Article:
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Departments' graduate courses for PhD-students.


Syllabus for

Academic year
EDA397 - Agile development processes  
Agile development processes
Syllabus adopted 2019-02-21 by Head of Programme (or corresponding)
Owner: MPSOF
7,5 Credits
Grading: TH - Five, Four, Three, Fail
Education cycle: Second-cycle
Major subject: Computer Science and Engineering, Industrial Engineering and Management, Information Technology

Teaching language: English
Application code: 24111
Open for exchange students: Yes
Maximum participants: 65

Module   Credit distribution   Examination dates
Sp1 Sp2 Sp3 Sp4 Summer course No Sp
0107 Project 4,5c Grading: UG   4,5c    
0207 Examination 3,0c Grading: TH   3,0c   02 Jun 2020 pm L,  12 Oct 2019 am L,  27 Aug 2020 am L

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Darko Durisic

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EDA395   Personal software process EDA396   Agile development processes


In order to be eligible for a second cycle course the applicant needs to fulfil the general and specific entry requirements of the programme that owns the course. (If the second cycle course is owned by a first cycle programme, second cycle entry requirements apply.)
Exemption from the eligibility requirement: Applicants enrolled in a programme at Chalmers where the course is included in the study programme are exempted from fulfilling these requirements.

Course specific prerequisites

To be eligible for this course the student should have

  • a bachelor degree in Software Engineering, Computer Science, Information Technology, Information Systems, or equivalent;
  • a completed course in programming (e.g., TDA548 Introductory software development, DAT043/DAT050 Object-oriented Programming, TDA452 Functional Programming, or equivalent);
  • a completed project course (or bachelor thesis) in applied software development or software engineering (e.g., TDA367 Object-oriented programming project, or DAT256 Software Engineering Project).


Modern software development in industry has adopted agile principles and methods, in order to e.g. increase customer focus, increase speed of development and releases, and embrace changes. This course aims to learn about software design and development using these approaches and principles, in both theory and practice. 

Learning outcomes (after completion of the course the student should be able to)

After completing the course the student is expected to be able to:
  1. Knowledge and understanding
    • compare agile and more traditional software development
    • relate lean and agile development
    • contrast different agile methodologies
    • use the agile manifest and its accompanying principles
    • discuss what is different when leading an agile compared to traditional teams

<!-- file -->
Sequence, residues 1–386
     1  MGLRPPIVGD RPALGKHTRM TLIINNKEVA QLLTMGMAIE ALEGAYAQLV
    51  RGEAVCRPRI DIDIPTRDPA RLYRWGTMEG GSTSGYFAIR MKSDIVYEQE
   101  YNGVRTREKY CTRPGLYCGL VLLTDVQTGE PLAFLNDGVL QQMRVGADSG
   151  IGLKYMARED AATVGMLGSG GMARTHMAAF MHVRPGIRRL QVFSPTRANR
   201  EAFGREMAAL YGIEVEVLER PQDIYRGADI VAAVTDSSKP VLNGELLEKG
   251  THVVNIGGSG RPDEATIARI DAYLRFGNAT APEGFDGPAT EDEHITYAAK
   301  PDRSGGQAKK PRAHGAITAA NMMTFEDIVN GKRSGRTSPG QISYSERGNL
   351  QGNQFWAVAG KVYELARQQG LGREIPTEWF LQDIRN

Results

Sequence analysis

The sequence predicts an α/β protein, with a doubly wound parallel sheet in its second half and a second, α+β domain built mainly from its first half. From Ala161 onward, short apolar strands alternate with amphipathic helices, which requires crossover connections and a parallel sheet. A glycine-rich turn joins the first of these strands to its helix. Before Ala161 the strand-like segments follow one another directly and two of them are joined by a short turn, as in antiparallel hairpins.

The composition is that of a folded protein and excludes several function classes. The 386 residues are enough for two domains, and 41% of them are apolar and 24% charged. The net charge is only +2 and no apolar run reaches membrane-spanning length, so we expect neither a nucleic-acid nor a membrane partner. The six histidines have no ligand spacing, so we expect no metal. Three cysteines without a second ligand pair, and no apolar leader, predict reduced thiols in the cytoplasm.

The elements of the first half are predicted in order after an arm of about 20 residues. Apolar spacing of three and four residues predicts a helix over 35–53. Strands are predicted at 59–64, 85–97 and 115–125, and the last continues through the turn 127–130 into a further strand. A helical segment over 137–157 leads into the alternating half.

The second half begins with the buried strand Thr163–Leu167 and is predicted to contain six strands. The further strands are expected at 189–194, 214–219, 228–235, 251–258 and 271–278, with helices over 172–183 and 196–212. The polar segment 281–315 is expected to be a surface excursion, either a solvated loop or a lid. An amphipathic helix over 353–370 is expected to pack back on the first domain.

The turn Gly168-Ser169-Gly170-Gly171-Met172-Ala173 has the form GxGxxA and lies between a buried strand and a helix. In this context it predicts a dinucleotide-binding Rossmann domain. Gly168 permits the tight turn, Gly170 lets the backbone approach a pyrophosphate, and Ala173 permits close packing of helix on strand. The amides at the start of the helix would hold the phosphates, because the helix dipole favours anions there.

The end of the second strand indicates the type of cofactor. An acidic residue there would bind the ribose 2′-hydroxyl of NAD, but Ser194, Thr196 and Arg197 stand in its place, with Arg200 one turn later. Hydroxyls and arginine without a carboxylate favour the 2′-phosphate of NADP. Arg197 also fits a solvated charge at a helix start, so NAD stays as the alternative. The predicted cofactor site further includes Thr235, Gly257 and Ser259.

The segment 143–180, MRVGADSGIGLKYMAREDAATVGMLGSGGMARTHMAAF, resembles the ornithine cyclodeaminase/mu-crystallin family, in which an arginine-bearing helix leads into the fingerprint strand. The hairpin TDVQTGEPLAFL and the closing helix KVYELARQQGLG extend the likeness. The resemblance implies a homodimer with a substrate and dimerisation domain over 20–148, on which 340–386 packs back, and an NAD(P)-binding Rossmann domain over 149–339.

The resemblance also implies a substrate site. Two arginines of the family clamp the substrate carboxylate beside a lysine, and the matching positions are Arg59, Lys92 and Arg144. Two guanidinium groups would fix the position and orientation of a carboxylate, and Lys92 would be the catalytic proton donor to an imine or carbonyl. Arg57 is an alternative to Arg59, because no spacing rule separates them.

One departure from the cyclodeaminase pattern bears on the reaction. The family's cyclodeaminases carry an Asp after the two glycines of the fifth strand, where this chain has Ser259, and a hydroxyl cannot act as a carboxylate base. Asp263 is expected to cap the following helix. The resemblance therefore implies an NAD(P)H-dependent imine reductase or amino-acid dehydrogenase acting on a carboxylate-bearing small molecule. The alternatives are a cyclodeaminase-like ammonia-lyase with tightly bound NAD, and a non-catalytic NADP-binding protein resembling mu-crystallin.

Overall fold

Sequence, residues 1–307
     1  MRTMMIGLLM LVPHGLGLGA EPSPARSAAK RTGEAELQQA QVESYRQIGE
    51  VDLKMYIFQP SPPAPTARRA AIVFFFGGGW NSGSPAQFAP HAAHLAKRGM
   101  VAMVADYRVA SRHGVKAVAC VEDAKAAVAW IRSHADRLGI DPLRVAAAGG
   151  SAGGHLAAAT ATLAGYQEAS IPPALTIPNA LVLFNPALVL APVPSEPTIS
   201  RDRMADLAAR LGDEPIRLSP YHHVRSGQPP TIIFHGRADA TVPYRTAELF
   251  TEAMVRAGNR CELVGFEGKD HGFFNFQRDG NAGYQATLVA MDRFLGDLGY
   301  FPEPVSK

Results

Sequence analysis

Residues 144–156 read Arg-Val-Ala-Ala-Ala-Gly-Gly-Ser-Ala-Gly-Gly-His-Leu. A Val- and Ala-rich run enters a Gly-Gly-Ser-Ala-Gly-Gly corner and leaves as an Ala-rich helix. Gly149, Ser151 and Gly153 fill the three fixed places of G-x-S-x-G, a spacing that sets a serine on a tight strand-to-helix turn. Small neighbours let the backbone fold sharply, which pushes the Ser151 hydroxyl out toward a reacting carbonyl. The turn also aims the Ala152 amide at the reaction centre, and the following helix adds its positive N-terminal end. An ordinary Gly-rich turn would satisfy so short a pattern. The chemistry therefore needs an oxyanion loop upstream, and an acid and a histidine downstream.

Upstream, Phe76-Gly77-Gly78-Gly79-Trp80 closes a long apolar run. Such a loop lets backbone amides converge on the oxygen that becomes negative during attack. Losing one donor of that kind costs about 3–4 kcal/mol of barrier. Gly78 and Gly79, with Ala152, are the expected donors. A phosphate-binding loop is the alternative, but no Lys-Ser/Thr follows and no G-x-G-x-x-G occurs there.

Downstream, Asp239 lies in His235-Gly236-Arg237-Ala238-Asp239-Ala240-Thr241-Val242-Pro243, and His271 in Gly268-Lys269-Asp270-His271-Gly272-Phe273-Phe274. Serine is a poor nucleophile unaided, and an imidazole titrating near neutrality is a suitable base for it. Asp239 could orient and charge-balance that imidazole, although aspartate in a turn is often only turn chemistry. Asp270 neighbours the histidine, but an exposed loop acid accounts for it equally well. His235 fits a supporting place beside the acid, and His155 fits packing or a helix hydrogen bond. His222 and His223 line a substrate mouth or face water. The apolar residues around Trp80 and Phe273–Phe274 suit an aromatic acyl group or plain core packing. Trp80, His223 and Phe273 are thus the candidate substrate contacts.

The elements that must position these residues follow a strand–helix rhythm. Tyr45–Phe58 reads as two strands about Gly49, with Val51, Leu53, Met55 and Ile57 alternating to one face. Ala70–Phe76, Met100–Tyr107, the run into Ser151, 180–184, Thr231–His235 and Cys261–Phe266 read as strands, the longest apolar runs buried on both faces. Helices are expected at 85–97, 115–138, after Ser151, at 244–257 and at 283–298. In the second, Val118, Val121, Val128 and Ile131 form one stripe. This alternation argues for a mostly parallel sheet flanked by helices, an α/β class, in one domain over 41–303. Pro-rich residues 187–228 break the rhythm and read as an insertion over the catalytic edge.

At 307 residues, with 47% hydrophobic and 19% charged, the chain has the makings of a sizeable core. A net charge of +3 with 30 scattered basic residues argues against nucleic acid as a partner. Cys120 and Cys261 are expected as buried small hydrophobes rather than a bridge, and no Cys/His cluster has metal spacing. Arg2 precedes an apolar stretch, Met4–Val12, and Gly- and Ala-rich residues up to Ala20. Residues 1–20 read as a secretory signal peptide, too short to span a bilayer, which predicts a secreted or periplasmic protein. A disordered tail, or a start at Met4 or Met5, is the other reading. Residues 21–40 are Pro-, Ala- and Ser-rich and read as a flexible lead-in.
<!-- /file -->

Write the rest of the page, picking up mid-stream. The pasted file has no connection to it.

2. Skills and abilities
    • forming a team organically
    • collaborate in small software development teams
    • interact and show progress continuosly with a customer or user
    • develop programs using small and frequent iterations
    • use test-driven development and test automation
    • refactor a program and a design
    • be member of an Agile team
    • conduct incremental planning using user stories
  3. Judgement and approach
    • explain how software development can be seen as primarily people- and communication-centric
    • apply the fact that people are the primary drivers of project success
    • describe why no single methodology can fit all projects or contexts
    • discuss how development methodologies need to adapt to varying human cultures and choices.


Agile software development aims at setting up an environment to develop software based on the following principles from the agile manifesto:
  • Individuals and interactions is valued more than processes and tools
  • Working software is valued more than comprehensive documentation
  • Customer collaboration is valued more than contract negotiation
  • Responding to change is valued more than following a plan
At the core of these principles is the realization that changes are inevitable and the conclusion that change management needs to be integrated into the development process. Agile approaches promotes iterative and incremental development by using a very tight design-code-test cycle.

In this interactive course we will explore together how to apply these agile principles to develop software and manage projects.

The course covers:
  • Management and methods to develop programs incrementally
  • Principles of Agile processes
  • Common agile practices
  • Communication- and people-centric software development
  • Agile methods in relation to more traditional, plan-based methods
  • Criticism to agile development methods


The course consists of lectures, and a project part where software is developed using agile approaches.


See separate literature list.

Examination including compulsory elements

To pass the course, a student must have at least a passing grade in the written exam and must pass the project.

Page manager Published: Thu 04 Feb 2021.